NAND strengthens, DRAM nears the bottom, announces Yole Développement (Yole). In addition COVID-19 leads to uncertainty…When will the NAND market shift from oversupply to undersupply, and vice-versa? How will supplier profitability be impacted? Will YMTC’s emergence disrupt the current market conditions? From a DRAM point of view, will the three primary suppliers – Samsung, SK Hynix, and Micron – continue to manage supply and drive industry revenue to even higher levels? Will China’s entrance in the DRAM market disrupt the current market balance? Or will DRAM manufacturing’s enormous technical challenges and the lack of access to DRAM intellectual property prove too difficult to overcome? And what will be the status of NAND/DRAM capital expenditures? … The market research & strategy consulting company, Yole recently unveiled the DRAM and NAND Quarterly Market Monitors for Q1 2020.
Combined DRAM and NAND revenue was higher in Q4 2019 with revenue increasing $0.7 billion to $27.5 billion. Revenue for Q4-19 rose 2.5% compared to Q3 2019 and decreased 23.4% compared to Q4 2018. Demand in Q4-19 was robust due to seasonality and recovering datacenter demand. Supply growth was somewhat constrained due to low production growth and normalizing inventory levels.
The following includes further details on the performance of the NAND and DRAM markets for Q4-19 with a look ahead to the coming quarters. The situation surrounding COVID-19 remains extremely fluid. Yole continues to actively monitor the supply chain and will adjust our outlook in real-time as information becomes available.
The NAND market: the recovery gains momentum.
“NAND market poised to emerge from downturn in 2020,” declare Walt Coon, VP of NAND and Memory Research, part of the Semiconductor & Software division at Yole.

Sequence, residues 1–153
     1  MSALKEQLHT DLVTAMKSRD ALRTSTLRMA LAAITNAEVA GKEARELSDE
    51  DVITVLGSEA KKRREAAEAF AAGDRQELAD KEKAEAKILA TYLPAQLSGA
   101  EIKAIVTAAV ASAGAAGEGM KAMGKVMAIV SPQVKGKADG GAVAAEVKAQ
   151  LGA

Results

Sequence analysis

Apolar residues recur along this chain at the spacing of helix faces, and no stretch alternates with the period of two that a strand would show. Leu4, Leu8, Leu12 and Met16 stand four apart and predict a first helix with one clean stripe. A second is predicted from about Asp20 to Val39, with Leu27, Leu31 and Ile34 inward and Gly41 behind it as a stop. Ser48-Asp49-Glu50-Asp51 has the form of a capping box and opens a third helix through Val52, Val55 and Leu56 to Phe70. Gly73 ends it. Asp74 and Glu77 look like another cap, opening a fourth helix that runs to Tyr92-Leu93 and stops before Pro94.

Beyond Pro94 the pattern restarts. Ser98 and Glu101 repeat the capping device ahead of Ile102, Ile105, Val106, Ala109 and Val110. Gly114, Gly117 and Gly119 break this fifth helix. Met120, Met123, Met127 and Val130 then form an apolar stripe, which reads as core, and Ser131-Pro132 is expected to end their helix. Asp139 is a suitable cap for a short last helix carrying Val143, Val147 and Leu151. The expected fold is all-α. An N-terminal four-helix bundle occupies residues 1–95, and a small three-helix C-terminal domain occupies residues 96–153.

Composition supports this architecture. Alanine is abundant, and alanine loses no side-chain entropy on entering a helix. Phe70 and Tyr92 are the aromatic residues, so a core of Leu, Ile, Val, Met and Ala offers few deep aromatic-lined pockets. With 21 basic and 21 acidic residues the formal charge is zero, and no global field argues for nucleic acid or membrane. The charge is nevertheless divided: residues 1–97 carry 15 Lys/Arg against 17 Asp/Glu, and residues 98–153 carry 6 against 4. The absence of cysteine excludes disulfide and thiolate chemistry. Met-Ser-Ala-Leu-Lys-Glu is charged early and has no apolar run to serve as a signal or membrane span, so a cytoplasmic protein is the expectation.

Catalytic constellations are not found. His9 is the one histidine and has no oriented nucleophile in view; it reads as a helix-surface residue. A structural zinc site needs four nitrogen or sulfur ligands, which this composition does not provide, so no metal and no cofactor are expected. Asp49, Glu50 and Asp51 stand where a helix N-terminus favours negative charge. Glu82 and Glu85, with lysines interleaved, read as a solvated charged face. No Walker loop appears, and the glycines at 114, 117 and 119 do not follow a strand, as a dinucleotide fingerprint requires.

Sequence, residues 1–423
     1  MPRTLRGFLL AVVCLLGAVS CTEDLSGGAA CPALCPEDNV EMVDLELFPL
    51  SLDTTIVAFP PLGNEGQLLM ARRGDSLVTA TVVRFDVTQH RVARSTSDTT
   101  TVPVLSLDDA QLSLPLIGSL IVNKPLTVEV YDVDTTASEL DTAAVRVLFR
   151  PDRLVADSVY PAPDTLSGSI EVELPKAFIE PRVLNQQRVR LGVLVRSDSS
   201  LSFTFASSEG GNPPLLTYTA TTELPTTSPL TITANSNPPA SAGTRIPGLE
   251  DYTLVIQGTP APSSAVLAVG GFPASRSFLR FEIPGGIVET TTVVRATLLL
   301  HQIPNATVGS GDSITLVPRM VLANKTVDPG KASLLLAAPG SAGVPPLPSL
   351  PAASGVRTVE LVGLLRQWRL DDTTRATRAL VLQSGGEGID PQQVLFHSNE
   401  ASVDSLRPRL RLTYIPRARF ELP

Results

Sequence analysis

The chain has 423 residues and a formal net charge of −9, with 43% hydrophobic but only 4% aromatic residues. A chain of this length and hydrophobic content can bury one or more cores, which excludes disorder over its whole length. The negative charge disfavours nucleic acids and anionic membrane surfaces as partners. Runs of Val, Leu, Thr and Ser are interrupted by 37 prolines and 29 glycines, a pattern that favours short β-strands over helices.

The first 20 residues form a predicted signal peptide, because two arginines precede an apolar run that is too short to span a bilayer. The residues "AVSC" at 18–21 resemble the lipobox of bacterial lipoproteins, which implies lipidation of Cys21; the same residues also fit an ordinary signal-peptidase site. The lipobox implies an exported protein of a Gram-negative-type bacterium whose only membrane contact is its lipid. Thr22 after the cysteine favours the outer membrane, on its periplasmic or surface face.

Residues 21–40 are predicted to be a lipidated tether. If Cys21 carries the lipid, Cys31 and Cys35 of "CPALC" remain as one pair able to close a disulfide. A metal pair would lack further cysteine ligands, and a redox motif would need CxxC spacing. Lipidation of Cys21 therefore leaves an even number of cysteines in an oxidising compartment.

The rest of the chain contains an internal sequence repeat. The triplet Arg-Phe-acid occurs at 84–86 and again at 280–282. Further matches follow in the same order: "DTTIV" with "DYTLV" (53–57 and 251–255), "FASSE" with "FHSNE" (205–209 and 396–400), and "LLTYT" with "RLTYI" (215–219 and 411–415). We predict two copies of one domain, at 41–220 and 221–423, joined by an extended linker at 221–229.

After three consecutive quarters of decline, the NAND market moved higher in Q4 2019 with revenue increasing $1.3 billion to $12.4 billion. Quarterly revenue rose 11.3% sequentially and decreased 4.9% compared to Q4 2018. Average selling prices remained relatively stable during the quarter (up 1.7% QoQ) to $0.125 $/Gb. Meanwhile, shipments rose 9.4% to 99.2 petabytes, a change of +8.5 petabytes compared to Q3-19 (+44.2% QoQ or +30.4 petabytes compared to Q4 2018).
Profitability for the NAND vendors improved in Q4-19, but industry margins remained negative, at -3%, with Samsung the only supplier posting positive margins. “Looking ahead, it is imperative that supplier margins improve to support this capital-intensive business,” asserts Walt Coon from Yole.
Revenue-based market share rankings for Q4 2019 did not change, with Samsung retaining the top spot, Kioxia holding onto second, Western Digital retaining third place, and Micron holding steady in fourth place. Meanwhile, SK hynix retained fifth place and Intel held steady at sixth place. Samsung’s market share grew 0.7% to 36.6% while Kioxia’s market share shrank 1.1% to 18.9% and Western Digital’s market share grew 0.3% to 14.2%. Micron’s market share increased 1.1% to 12.1% while SK hynix’s market share decreased 0.2% to 9.7% and Intel’s market share decreased 0.7% to 7.9%.